"War is nothing but the continuation of politics by other means." Politicians want to get elected. That is, by definition, a short term goal, set by the date of the next election. Once they get elected, they want to stay elected. But that is the same thing by another name. STILL a short term goal. We see the world in the way that we have been trained to see the world. Instant by instant. "Listen to this soundbyte! Never mind that, here's the newest soundbyte! Now that's old news, this is what you should be listening to!" Our worldview has become smaller and smaller as communication has made our world smaller and smaller. But the bigger picture still exists.


That's interesting I guess

Wars are great things to get elected. Wars are great things to boost this year's profit margins. But in the long term, peace creates returns that continue to give year after year after year. You can build on peace. It's impossible to build on war. Here's the thing about Erfworlders. They are, as far as we know, effectively immortal. We have never seen any reference to an erfworlder dying of old age. With enough skill and luck, an erfworlder could effectively live forever. Taking the point of view of a potentially immortal being, would you want to risk your life time and time again in war, or find a way to create profit without risk in peace?


Jill greatly enjoys war and deliberately risked her life time and time again despite not having to. And she is building up her cities on war. She's getting a lot of profits.

Yes. So far peace has never been a viable option. It's unprofitable, it leads to treachery and it all around just doesn't work. That's the point of Parson. He's the guy who's going to Make Peace Work. He's the one thing hippiemancy really needs, but previously could never have. "A soujah!" A warlord dedicated to peace. The PERFECT warlord. A warlord so good that he can beat every enemy in his path, and leave the cities behind him producing a profit without resorting to war. THAT'S what the hippiemancers want. They want a warlord who is so terrible and ruthless that he will break a world based on war by conquering it completely, leaving peace in his wake.


That sort of peace is utterly different from any peace in our world. Peace of the dead.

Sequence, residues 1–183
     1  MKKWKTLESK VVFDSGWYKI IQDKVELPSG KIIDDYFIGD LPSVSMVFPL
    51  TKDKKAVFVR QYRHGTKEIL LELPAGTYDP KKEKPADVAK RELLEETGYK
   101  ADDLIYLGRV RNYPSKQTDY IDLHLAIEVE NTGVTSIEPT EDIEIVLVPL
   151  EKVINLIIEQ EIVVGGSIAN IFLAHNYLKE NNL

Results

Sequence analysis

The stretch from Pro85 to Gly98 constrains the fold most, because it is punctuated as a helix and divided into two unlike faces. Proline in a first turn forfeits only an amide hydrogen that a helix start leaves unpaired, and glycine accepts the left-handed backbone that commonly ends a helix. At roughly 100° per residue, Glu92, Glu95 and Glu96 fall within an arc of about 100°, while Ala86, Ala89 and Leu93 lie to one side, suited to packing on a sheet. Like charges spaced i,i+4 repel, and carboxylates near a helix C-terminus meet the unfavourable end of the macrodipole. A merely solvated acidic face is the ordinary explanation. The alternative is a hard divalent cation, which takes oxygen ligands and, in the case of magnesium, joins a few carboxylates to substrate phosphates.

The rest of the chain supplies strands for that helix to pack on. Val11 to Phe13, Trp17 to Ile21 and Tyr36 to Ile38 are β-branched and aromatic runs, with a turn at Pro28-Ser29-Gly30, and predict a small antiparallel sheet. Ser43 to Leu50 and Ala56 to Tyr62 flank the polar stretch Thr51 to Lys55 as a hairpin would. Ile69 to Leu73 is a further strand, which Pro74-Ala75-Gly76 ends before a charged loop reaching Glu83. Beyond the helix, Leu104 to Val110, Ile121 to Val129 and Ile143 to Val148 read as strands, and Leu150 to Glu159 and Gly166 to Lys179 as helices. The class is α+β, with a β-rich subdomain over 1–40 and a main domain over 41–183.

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Re: Book 2 – Page 57

Postby ryanroyce » Thu Mar 31, 2011 11:58 pm

You know... a thought occurs to me. We don't really, truly know that Parson is even a genuine warlord. Yes, he's the Chief Warlord, but maybe that's just a title that could be applied to any Command unit (including a Caster). We only know for a fact that Parson grants a +2 bonus to his Side's units. The Erf-logical assumption is that this bonus is a Leadership bonus, but that isn't necessarily the case. No one can see his stats, so no one can be certain that he actually has the Leadership special. What if his +2 is, somehow, more akin to the bonus Sizemore grants to Golems or Wanda provides for Uncroaked/Decrypted? Hippimancy is "people magic", after all, so perhaps his bonus applies to all people. That doesn't explain dwagons getting the bonus (presumably, Stanley would have noticed if his dwagons weren't getting a warlord bonus), though. Hmm.

Regardless, at the moment, it doesn't really matter where Parson's +2 comes from, just so long as we understand that its source isn't necessarily Leadership.

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Re: Book 2 – Page 57

Postby Jinren » Fri Apr 01, 2011 4:20 am

ryanroyce wrote:You know... a thought occurs to me. We don't really, truly know that Parson is even a genuine warlord. Yes, he's the Chief Warlord, but maybe that's just a title that could be applied to any Command unit (including a Caster). We only know for a fact that Parson grants a +2 bonus to his Side's units.